beta-adrenergic receptor blockade may inhibit the stimulatory effect of the
sympathetic nervous system necessary to maintain adequate cardiac function.
receptor blockade in the bronchi and bronchioles results in increased airway
resistance from unopposed parasympathetic activity. Such an effect in patients
with asthma or other bronchospastic conditions is potentially dangerous.
studies indicate that BLOCADREN at a dosage of 20-60 mg/day reduces blood
pressure without causing postural hypotension in most patients with essential
hypertension. Administration of BLOCADREN to patients with hypertension results
initially in a decrease in cardiac output, little immediate change in blood
pressure, and an increase in calculated peripheral resistance. With continued
administration of BLOCADREN, blood pressure decreases within a few days, cardiac
output usually remains reduced, and peripheral resistance falls toward pretreatment
levels. Plasma volume may decrease or remain unchanged during therapy with
BLOCADREN. In the majority of patients with hypertension BLOCADREN also decreases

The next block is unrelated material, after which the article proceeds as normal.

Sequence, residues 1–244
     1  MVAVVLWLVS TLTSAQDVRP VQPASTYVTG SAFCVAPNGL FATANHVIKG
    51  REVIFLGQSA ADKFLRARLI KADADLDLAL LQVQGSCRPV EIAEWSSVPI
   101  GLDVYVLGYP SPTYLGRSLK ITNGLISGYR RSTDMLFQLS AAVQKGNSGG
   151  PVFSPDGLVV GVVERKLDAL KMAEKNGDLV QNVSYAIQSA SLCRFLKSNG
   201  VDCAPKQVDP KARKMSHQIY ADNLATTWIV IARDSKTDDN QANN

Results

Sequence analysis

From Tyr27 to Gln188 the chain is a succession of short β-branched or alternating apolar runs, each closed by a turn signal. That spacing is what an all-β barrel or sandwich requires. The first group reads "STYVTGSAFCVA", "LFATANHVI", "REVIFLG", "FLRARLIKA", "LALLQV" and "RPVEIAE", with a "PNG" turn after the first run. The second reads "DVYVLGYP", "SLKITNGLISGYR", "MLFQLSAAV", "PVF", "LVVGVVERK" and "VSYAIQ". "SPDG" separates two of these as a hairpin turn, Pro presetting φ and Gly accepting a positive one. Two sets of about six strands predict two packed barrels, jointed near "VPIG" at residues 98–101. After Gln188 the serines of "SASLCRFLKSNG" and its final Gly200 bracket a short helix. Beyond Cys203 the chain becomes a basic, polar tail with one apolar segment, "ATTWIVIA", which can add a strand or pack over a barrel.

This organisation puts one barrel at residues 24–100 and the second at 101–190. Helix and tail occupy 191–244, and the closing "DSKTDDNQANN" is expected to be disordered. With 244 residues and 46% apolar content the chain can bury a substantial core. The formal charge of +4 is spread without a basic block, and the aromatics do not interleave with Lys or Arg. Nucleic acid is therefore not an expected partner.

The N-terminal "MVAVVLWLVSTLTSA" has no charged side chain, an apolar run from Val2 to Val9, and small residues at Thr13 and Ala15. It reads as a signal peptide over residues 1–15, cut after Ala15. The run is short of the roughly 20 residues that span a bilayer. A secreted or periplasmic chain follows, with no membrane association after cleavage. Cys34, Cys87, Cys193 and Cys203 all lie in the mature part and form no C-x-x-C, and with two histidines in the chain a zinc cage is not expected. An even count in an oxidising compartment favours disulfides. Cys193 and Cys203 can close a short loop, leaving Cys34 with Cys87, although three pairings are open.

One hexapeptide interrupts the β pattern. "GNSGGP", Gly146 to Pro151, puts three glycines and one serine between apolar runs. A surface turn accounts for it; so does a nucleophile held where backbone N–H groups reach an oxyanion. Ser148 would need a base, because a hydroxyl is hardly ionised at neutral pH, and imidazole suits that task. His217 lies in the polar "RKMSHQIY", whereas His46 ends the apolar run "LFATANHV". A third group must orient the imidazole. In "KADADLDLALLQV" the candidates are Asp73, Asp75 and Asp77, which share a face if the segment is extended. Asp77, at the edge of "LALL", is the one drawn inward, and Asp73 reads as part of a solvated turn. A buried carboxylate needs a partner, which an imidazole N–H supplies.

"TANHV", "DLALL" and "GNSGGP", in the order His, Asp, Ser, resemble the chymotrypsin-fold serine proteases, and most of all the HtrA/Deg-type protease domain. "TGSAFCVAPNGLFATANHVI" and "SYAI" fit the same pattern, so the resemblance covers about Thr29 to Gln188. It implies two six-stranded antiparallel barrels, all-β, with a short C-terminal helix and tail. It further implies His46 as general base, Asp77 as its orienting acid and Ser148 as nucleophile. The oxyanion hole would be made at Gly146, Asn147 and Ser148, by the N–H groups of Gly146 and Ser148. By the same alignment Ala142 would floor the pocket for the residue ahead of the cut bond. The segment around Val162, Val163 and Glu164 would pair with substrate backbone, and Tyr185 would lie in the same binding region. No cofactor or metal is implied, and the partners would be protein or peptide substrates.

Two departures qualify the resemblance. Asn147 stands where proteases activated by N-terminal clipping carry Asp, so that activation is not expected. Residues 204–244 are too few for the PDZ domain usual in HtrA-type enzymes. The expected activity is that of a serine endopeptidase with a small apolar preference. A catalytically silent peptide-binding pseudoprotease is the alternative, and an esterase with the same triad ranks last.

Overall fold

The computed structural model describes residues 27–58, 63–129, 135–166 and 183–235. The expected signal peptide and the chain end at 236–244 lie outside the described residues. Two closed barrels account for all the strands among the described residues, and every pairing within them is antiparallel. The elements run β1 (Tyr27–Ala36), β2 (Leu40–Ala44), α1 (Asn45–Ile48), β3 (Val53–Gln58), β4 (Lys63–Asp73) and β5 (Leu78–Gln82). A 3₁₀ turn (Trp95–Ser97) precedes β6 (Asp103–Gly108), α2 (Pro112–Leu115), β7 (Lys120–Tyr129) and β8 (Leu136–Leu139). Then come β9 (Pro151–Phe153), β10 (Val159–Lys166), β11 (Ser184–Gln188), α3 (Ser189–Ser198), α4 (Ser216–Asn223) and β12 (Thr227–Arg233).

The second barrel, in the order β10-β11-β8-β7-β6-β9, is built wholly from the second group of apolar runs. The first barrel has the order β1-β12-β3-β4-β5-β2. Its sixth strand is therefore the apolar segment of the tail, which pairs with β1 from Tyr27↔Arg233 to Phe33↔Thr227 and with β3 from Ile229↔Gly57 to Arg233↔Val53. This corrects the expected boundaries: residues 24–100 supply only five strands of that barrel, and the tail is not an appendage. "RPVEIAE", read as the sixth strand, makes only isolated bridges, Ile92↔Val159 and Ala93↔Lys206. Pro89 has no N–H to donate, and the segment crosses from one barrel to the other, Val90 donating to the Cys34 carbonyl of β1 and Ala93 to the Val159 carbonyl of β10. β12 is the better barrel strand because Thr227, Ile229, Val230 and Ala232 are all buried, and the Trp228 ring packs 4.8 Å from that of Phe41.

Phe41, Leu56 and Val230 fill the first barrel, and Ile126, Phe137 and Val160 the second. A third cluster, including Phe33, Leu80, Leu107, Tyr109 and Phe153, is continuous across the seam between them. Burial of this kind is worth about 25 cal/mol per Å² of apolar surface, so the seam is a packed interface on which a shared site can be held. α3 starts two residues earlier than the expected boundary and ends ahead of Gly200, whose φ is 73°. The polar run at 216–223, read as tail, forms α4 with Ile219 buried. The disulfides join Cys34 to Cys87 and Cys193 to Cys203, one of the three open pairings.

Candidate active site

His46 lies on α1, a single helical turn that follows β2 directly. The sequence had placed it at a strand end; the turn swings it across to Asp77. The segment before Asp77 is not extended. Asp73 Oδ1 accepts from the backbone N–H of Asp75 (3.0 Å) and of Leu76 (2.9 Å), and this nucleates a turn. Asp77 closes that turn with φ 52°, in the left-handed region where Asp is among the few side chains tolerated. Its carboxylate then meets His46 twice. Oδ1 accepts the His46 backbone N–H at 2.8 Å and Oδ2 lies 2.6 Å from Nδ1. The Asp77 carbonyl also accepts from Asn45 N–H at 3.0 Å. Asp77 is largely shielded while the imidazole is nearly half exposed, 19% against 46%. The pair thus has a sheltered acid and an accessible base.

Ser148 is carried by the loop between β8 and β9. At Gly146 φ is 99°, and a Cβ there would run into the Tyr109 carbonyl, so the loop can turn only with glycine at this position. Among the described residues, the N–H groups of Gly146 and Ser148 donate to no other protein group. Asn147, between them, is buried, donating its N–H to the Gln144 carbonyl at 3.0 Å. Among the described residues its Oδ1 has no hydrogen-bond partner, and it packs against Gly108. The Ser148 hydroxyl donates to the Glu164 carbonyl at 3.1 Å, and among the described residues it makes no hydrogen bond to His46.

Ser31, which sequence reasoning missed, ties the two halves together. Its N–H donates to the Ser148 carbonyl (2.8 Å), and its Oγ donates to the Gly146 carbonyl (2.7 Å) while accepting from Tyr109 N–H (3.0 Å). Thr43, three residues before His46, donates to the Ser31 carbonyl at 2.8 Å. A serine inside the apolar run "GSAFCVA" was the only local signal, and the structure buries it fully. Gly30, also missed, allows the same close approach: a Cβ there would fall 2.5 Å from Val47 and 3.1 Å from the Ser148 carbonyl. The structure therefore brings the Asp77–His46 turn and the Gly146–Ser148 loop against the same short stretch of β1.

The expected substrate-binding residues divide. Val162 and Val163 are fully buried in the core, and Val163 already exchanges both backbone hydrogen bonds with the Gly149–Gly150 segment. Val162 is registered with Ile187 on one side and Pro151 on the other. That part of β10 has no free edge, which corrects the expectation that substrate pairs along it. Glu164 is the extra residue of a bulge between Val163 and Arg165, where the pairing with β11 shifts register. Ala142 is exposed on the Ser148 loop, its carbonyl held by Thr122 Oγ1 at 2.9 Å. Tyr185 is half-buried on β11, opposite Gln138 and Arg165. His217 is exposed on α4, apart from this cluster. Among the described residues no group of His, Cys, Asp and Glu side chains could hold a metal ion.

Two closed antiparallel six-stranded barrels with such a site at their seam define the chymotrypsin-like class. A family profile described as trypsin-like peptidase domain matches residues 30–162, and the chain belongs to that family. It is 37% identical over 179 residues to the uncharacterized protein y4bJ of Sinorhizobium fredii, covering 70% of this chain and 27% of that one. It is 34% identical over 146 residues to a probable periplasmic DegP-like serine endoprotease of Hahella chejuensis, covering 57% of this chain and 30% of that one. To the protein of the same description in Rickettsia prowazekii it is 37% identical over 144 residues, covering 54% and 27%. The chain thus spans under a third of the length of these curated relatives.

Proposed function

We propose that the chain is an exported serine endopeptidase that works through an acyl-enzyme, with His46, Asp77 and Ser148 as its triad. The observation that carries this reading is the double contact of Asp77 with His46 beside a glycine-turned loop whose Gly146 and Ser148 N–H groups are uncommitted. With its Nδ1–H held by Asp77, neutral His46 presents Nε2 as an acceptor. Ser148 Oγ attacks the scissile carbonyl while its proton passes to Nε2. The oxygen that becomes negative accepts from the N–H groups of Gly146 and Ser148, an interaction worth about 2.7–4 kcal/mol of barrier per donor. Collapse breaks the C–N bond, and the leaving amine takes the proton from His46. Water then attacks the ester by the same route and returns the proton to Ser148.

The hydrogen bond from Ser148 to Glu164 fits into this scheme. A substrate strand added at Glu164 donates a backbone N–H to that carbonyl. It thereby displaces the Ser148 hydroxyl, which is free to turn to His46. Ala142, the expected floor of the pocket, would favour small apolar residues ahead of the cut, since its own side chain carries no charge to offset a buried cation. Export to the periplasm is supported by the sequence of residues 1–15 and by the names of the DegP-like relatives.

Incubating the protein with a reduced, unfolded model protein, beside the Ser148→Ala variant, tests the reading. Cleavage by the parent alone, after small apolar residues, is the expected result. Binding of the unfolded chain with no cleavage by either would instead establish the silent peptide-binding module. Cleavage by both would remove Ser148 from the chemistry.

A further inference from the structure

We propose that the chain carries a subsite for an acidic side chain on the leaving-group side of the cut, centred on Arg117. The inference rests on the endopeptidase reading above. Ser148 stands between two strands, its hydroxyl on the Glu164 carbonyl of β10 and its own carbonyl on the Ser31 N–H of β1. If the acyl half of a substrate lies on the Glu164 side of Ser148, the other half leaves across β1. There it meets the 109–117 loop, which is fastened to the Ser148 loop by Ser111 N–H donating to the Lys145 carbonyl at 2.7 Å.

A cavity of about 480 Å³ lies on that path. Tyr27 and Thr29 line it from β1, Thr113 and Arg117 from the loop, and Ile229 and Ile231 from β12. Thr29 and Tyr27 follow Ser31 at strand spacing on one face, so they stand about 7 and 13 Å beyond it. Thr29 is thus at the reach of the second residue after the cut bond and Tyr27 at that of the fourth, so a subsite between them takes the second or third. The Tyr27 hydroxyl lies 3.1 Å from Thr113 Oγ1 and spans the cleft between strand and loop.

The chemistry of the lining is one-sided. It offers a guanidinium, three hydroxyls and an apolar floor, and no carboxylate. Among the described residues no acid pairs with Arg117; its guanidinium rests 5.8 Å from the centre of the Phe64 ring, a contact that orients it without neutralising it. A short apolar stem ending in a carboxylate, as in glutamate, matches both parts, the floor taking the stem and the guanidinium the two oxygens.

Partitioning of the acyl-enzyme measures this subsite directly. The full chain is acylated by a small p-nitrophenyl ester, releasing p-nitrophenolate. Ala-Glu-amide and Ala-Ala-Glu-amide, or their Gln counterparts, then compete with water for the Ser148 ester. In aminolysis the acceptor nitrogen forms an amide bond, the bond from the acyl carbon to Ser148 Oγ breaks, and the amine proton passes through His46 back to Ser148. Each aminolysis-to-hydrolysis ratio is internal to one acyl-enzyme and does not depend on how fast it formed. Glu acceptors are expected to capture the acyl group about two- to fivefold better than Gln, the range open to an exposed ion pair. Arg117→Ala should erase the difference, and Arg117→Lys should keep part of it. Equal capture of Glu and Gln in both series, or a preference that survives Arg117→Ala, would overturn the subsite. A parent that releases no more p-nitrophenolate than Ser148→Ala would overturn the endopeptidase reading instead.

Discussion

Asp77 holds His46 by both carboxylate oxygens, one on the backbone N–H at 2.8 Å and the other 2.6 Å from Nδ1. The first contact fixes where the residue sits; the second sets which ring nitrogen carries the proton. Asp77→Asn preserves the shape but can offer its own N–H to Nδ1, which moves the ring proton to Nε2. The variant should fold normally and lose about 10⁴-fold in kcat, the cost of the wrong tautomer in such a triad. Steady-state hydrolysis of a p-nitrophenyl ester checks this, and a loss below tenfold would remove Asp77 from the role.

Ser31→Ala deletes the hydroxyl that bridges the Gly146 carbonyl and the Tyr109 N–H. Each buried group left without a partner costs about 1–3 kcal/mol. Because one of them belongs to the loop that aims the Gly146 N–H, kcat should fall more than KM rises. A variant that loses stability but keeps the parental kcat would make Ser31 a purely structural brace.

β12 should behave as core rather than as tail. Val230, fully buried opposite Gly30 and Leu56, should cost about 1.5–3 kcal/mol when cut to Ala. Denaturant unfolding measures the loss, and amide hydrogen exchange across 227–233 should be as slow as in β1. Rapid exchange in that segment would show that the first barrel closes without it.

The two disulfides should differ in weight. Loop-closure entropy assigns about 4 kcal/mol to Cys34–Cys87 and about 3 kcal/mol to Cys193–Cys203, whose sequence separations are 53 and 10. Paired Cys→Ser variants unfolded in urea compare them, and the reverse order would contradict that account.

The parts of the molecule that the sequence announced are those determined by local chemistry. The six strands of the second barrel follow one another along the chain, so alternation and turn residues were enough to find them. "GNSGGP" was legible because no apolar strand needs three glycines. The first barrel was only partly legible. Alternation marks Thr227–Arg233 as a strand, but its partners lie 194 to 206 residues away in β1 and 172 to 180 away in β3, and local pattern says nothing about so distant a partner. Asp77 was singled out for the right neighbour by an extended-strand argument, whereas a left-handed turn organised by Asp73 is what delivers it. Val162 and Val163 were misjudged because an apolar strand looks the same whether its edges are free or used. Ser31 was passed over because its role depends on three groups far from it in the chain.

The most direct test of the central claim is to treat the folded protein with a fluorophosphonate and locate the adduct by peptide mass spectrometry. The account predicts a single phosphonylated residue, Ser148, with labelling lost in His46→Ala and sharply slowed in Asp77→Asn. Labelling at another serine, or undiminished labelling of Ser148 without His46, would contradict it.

plasma renin activity. Dosage adjustment to achieve optimal antihypertensive
effect may require a few weeks. When therapy with BLOCADREN is discontinued,
the blood pressure tends to return to pretreatment levels gradually. In most
patients the antihypertensive activity of BLOCADREN is maintained with long-term
therapy and is well tolerated.
The mechanism of the
antihypertensive effects of beta-adrenergic receptor blocking agents is not
established at this time. Possible mechanisms of action include reduction
in cardiac output, reduction in plasma renin activity, and a central nervous
system sympatholytic action.
A Norwegian multi-center,
double-blind study, which included patients 20 to 75 years of age, compared
the effects of timolol maleate with placebo in 1,884 patients who had survived
the acute phase of a myocardial infarction. Patients with systolic blood pressure
below 100 mm Hg, sick sinus syndrome and contraindications to beta blockers,